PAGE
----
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Using science to make a better tasting sausage

An Italian research team has used science to determine how to make better sausage. According to their findings, the researchers say that allowing sausages to ferment spontaneously produces a superior flavor.

Bacteria that originate in sausage are responsible for making spontaneous fermentation happen, but commercial starter cultures are often used as an alternative method of starting this process.

“Usually, initial conditions select ‘good microbiota,’ which start the fermentation,” said study co- author Luca Cocolin of the University of Turin. But, she explained, “it is hard to control spontaneous fermentation, because even if the conditions for their development are correct, the bacteria don’t always initiate the process.”

Furthermore, “more rigorous controls have to be implemented in order to guarantee the product’s safety,” said Dr. Cocolin. She explained that the combination of all of these factors is why the use of starter cultures makes fermentation much easier.

The researchers developed a study to better understand the underlying microorganisms and biochemical reactions involved in both fermentation processes, natural and induced. They believed that this information could be used to improve the overall quality of the final product.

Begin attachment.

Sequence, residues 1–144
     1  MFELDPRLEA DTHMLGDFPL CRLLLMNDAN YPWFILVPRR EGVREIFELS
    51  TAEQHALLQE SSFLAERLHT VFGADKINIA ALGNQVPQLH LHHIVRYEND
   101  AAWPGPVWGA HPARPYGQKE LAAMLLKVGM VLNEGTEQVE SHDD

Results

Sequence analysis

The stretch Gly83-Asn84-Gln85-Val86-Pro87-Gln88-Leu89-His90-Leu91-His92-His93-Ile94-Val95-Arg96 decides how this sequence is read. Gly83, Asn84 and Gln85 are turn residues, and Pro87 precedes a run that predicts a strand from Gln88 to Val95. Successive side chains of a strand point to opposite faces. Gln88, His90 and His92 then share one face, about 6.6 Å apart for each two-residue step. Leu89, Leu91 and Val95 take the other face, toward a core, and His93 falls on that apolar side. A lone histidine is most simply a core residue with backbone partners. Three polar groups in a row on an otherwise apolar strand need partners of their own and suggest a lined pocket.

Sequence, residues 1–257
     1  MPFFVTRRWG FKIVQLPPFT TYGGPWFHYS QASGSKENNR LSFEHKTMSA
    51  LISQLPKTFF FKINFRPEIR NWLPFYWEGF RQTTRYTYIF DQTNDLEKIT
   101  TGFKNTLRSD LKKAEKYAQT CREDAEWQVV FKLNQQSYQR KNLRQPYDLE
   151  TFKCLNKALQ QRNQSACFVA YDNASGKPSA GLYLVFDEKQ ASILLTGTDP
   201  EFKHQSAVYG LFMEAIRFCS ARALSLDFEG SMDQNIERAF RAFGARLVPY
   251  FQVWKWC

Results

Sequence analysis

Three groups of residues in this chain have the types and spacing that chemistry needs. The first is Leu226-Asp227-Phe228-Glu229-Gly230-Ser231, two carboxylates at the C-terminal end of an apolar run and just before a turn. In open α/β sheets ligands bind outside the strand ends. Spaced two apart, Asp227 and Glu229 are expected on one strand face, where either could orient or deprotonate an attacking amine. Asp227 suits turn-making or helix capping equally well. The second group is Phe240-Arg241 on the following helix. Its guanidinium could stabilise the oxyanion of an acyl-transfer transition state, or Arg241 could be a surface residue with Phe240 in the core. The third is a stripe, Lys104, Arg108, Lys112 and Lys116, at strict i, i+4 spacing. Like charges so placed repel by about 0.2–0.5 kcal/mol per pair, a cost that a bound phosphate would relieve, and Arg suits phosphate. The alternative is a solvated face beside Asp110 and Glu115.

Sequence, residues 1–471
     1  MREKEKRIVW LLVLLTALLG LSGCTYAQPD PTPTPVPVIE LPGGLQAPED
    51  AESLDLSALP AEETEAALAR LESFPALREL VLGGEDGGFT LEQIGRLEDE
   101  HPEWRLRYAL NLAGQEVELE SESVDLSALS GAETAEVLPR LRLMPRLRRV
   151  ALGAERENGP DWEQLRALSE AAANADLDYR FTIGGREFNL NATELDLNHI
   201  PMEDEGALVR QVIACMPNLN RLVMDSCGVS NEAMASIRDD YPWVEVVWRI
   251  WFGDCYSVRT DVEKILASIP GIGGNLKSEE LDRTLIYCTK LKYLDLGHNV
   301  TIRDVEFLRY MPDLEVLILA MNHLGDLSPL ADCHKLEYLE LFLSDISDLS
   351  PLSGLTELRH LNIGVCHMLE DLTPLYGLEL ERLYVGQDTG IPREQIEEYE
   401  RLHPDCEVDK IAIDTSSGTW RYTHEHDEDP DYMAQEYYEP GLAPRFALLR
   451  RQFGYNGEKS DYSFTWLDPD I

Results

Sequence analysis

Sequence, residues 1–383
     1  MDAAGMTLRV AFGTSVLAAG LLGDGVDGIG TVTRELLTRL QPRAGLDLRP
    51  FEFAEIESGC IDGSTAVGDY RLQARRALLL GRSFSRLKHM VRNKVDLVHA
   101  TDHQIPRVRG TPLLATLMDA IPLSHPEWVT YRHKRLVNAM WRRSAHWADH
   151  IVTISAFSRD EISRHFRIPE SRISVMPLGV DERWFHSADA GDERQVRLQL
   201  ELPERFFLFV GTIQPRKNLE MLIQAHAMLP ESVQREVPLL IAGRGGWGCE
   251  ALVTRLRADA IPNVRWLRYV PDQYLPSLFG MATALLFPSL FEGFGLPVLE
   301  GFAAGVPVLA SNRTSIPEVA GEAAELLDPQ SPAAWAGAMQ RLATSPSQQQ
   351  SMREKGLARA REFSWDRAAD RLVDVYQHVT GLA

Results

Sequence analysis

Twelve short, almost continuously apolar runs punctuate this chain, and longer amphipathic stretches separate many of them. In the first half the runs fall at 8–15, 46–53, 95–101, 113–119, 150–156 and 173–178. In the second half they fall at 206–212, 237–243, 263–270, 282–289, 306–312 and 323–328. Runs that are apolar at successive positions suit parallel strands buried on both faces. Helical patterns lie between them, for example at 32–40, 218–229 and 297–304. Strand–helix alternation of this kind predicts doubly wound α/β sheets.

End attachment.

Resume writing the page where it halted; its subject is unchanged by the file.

“My laboratory has been involved in meat fermentation since the ’90s, and considering the importance of the fermented sausage in Italy, at gastronomic, traditional, and economic levels, we wanted to investigate better the role of spontaneous biota and inoculated starters in the fermentation process,” said Dr. Cocolin.

The team used Next Generation Sequencing techniques to identify the relevant microbes and map the metabolic pathways. Additionally, they used a methodology that enabled them to determine and quantify the metabolites produced during fermentation.

The investigators found an increase in the density of lactic acid bacteria and Staphylococcaceae in the inoculated meat samples compared to the meat that fermented spontaneously. Lactobacillus sakei and L. curvatus were the most abundant strains of bacteria present in the meat that fermented spontaneously.

“The over-activity of the starter culture-inoculated sausages resulted in increased acetic acid and short chain fatty acids,” said Dr. Cocolin. These compounds added flavors that were described by Dr. Cocolin as “pungent, vinegar, cheesy, and weedy.” The spontaneously fermented sausages had flavors of “fruity wine, waxy sweet apricot, and banana brandy,”according to study co-author Ilario Ferrocino. He said that “the greater presence of medium and long chain fatty esters enhanced the sensory profile of these sausages.”

The research is published in the journal Applied and Environmental Microbiology.

By Chrissy Sexton, Staff Writer

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